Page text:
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Democrats took control of the U.S. House of Representatives after midterm congressional elections Tuesday, placing a significant check on Donald Trump’s power and delivering a rebuke to the President’s nationalist agenda.

The Republicans, however, retained control of the Senate, picking up red-state seats in Indiana, Missouri and North Dakota, and beating back a surprisingly strong Democratic challenge in Texas. The party was also narrowly ahead in the count in Florida, one of the country’s most crucial swing-states.

The Democrats held the 218 House seats they needed for control by early Wednesday, with more than a dozen further races still to be decided. The President’s Republicans lost House seats in at least 14 states – including Pennsylvania, Virginia, Florida and Texas – with the Democrats making their most significant inroads in suburban seats packed with moderate voters.

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Nancy Pelosi, the Democratic leader in the House, told a victory rally that the results promised a “new day for America” and would restore the Constitutions checks and balances to the Trump administration.

“A Democratic Congress will work for solutions that bring us together because we have all had enough of division,” she said.

Mr. Trump, however, showed no contrition over his party’s defeats, instead pronouncing the election a “tremendous success” and “Big Victory” on Twitter. And he launched a pre-emptive attack on the opposition.

“If the Democrats think they are going to waste Taxpayer Money investigating us at the House level, then we will likewise be forced to consider investigating them for all of the leaks of Classified Information, and much else, at the Senate level. Two can play that game!” he tweeted.

Related: The key takeaways from the midterms

Opinion: For Trump, midterm results will be a reason to double down on his nationalist agenda

U.S. midterm elections 2018: Democrats won the House, Republicans kept the Senate. What now?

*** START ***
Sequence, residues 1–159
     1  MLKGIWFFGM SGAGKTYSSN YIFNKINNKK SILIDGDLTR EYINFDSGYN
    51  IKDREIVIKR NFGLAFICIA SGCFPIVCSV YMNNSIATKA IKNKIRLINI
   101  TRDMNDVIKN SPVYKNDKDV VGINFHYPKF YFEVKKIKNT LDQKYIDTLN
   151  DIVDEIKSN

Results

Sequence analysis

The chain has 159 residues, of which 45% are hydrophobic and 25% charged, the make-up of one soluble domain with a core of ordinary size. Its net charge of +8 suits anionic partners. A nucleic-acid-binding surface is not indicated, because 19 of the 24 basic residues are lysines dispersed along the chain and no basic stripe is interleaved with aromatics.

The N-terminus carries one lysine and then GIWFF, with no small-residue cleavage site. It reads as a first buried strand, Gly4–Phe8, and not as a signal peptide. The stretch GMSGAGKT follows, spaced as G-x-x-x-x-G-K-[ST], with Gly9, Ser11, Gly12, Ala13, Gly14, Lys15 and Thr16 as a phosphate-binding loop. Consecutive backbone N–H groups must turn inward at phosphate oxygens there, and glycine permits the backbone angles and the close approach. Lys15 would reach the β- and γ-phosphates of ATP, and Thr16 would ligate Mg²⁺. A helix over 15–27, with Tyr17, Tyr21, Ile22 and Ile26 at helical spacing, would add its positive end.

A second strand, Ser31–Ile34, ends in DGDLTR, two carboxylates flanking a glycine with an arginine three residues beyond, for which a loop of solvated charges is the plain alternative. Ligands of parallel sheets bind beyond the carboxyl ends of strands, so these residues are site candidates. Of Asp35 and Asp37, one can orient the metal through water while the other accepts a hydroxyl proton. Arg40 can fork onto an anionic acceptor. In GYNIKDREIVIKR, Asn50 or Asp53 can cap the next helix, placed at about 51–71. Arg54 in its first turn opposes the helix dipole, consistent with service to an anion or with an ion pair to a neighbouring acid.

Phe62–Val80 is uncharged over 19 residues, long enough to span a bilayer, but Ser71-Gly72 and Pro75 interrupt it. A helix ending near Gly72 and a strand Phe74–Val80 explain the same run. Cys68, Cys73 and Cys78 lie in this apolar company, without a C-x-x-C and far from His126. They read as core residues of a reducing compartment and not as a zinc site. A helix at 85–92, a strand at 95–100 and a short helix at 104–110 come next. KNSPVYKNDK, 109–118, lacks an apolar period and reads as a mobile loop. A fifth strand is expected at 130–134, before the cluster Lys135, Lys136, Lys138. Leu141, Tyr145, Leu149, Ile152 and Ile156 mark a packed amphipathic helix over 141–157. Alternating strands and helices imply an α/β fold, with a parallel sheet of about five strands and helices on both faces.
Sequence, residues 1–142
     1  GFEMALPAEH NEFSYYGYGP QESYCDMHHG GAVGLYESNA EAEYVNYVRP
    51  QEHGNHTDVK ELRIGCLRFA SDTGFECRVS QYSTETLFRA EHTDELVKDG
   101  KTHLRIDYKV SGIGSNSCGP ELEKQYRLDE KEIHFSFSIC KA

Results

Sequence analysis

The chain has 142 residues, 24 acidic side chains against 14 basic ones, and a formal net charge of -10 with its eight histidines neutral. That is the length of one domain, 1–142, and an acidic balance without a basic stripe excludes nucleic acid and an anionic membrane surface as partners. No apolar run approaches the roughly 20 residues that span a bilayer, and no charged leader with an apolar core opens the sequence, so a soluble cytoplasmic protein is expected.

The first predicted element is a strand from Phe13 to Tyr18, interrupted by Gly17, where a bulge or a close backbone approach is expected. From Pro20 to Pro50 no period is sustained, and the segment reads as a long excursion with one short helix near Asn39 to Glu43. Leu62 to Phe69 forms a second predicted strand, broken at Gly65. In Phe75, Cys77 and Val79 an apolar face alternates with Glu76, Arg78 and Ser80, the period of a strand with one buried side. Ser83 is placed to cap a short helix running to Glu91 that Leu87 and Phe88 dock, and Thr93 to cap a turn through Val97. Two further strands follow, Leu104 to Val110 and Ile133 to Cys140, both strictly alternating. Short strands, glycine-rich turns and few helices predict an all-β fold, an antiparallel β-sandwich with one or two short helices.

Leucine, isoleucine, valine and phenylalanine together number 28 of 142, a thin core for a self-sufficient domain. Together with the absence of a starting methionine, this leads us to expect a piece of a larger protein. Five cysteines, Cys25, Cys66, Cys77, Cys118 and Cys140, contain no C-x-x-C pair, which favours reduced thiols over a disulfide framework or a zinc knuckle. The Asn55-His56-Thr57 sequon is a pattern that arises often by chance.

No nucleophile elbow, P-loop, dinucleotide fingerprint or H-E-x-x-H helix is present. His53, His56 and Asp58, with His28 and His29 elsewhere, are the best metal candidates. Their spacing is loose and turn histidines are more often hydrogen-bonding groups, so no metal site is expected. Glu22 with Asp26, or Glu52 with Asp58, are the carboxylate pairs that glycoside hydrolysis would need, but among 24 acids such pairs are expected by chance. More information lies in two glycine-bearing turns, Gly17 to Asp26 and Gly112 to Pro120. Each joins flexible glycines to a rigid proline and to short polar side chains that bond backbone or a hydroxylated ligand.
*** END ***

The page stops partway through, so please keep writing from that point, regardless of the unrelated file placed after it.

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A Democratic majority in the House will put the party in charge of legislative committees that are likely to launch or ramp up investigations into the President, including his business ties and murky personal finances.

Democratic control also allows the party to block key GOP initiatives such as attempts to build a wall on the Mexican border, repeal Obamacare and pass the proposed USMCA trade deal concluded with Canada last month.

The new Congress will also have to deal with special counsel Robert Mueller’s coming report into Russian interference in the 2016 election and possible collusion involving Mr. Trump’s circle. The bar for removing Mr. Trump from office is high – a majority vote in the House and a two-thirds majority in the Senate – but even initiating impeachment proceedings could tie up Washington for the remainder of the President’s term.

Midterm elections are often viewed as a referendum on the party that holds the presidency, with the opposition party typically making significant gains. But the Democrats appear headed for a smaller gain than in previous midterms that have flipped control of the House. In 2010, for instance, the Republicans took 63 seats when Barack Obama was president.

White House Press Secretary Sarah Sanders, speaking to FOX News on Tuesday night, said the President is willing to work across the aisle to get things done. She said Democrats should not spend their time investigating Mr. Trump.

“They should focus on what the people have put them there to do. There are a lot of things that the President would like to work with them on and hopefully they will come to the table and be willing to do that.”

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In Texas, Republican Ted Cruz narrowly won reelection in one of the country's most watched Senate races against Democrat Beto O'Rourke. Democrats picked up two House seats in Texas, but the state remained solidly in Republican hands.

"All the money in the world wasn't a match for the good people of Texas," Mr. Cruz told his supporters in Houston.

“I am as inspired, I am as hopeful as I have ever been in my entire life,” Mr. O’Rourke told a large crowd that gathered in El Paso. "Tonight’s loss does nothing to diminish the way I feel about Texas and this country.”

Republican incumbents appeared headed for victory in four of seven House seats that Democrats had hoped to flip in Southern California – districts that voted for Hillary Clinton in 2016. Democrats picked up at least one seat. Candidates were locked in dead heats in two other races, including Republican Dana Rohrabacher, a Trump loyalist with close ties to Russia.